Cost of Capital
Cost of Capital
To complete this assignment, you must estimate a cost of capital for your company. Please submit a spreadsheet with all your calculations clearly indicated. There are many steps required as described below.
1. Check to see if your company (Pepsi Company) is rated by Moody’s by going to their website. (Registration required.) Another less focused approach is to just type in the name of the company and “bond rating” in a Google search and see what comes up.
2. Estimate a synthetic rating for your company.
a. For firms without a rating, this will be your primary basis for estimating the cost of debt. For firms with an actual rating, it will give you a basis for comparison. You can continue to use the actual rating, but be aware of the synthetic rating as well.
b. You can use the Synthetic Rating spreadsheet to do the computation, or you can do it by hand.
c. You will need some data for this:
i. Get the raw data on interest bearing debt: In particular, take a look at the balance sheet and identify the interest-bearing debt. Include bank loans and corporate bonds, short term and long-term debt. Don’t include things like accrued income tax. For ambiguous items, such as “long term liabilities”, you will have to make the judgment. Read the notes to the financial statements and decide whether it meets the definition of debt we discussed in class. (It is possible that your firm has no debt. Don’t pull your hair out looking for something that does not exist. A clue that your firm has no debt will be in your income statement if your interest expenses are zero).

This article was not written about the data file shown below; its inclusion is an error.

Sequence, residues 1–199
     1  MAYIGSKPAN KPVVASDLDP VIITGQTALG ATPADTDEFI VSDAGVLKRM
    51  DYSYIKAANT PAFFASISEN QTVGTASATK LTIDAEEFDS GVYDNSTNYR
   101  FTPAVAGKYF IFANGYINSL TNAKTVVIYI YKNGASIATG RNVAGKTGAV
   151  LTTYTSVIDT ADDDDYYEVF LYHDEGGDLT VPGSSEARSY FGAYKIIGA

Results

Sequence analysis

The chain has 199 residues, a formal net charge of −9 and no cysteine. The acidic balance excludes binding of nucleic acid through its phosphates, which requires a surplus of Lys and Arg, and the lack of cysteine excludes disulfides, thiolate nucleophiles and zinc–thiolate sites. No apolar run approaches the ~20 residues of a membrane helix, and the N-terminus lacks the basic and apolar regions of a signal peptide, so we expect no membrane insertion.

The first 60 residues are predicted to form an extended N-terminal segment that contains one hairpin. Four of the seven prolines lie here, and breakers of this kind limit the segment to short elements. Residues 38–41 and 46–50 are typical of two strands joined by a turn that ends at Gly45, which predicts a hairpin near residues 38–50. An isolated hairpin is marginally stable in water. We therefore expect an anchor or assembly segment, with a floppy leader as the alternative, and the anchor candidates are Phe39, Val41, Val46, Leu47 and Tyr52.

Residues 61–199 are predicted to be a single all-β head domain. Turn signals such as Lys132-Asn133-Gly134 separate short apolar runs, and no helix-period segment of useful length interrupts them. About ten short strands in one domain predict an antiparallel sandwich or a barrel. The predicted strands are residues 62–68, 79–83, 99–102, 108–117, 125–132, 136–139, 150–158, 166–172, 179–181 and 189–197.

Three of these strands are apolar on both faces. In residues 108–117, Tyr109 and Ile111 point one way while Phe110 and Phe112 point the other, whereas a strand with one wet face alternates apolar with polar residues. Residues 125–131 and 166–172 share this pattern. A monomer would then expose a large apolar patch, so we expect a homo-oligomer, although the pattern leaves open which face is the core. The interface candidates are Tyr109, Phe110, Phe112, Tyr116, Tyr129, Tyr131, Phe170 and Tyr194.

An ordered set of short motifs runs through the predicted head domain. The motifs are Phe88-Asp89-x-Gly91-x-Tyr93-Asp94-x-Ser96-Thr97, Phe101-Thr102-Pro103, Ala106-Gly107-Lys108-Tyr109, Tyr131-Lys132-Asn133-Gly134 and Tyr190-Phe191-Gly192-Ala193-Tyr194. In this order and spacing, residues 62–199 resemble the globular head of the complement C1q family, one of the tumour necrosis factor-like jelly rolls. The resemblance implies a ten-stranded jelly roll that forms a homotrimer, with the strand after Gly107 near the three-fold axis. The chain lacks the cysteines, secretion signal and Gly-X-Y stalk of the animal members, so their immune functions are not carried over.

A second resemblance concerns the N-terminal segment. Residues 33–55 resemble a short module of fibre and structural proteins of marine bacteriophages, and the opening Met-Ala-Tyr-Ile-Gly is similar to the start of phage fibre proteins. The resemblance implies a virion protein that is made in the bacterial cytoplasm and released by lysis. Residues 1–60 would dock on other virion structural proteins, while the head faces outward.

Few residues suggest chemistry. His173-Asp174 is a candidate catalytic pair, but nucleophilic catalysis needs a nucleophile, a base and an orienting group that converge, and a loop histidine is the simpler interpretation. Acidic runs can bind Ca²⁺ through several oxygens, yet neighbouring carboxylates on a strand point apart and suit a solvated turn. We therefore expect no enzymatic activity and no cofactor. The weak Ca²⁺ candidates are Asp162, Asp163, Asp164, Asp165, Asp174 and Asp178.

ii. Collect operating lease data: For US companies, the lease commitments (if any) should be in a footnote in your financial statements. The current year’s lease payment will also be reported close by. Again, note that not all companies have lease commitments.
3. Convert your bond rating (either actual or synthetic) to a pre-tax cost of debt.
Market Value of Debt and Equity
1. Estimate the market value of the debt of your firm (including off-balance sheet debt).
a. For interest bearing debt in part 2, estimate the average time until the debt is due (the “maturity” of the debt) and then pretend that the debt is a coupon bond with a coupon payment equal to the current interest expense and a face value equal to the book value of the debt. Use the cost of debt to calculate a present value.
b. For lease commitments, calculate the present value of the future lease commitments, again at the cost of debt.
c. If your firm has other long-term commitments noted in the annual report, include those as well. (For example, Netflix’s content agreements require future payments with a present value of over 20% of the value of the company.)
2. Estimate the market value of the equity of your company. (Look at the market price per share and the number of shares outstanding.) If your company has multiple share classes, be sure to include the total value of all of them. If your company has large amounts of employee stock options or convertible debt, see me.
1. Get a marginal tax rate to use on your cost of debt. In the US, this is currently 21%. In other countries, the number is lower. See the kpmg.com link I provided on Blackboard.
Cost of Equity
1. Start with the unlevered beta you estimated in the previous homework.
2. Compute the levered bottom-up beta for your firm. (You estimated all the other pieces earlier in this homework.
3. Get an estimate of the risk-free rate.
4. Estimate the Market Risk Premium. (If your company operates internationally, this might contain an adjustment for emerging market risk.)
5. Estimate the cost of equity.
Cost of Capital
1. Estimate the cost of capital for your firm. (If your firm has preferred stock, you should deal with it as well. It will not take long; see me for details.)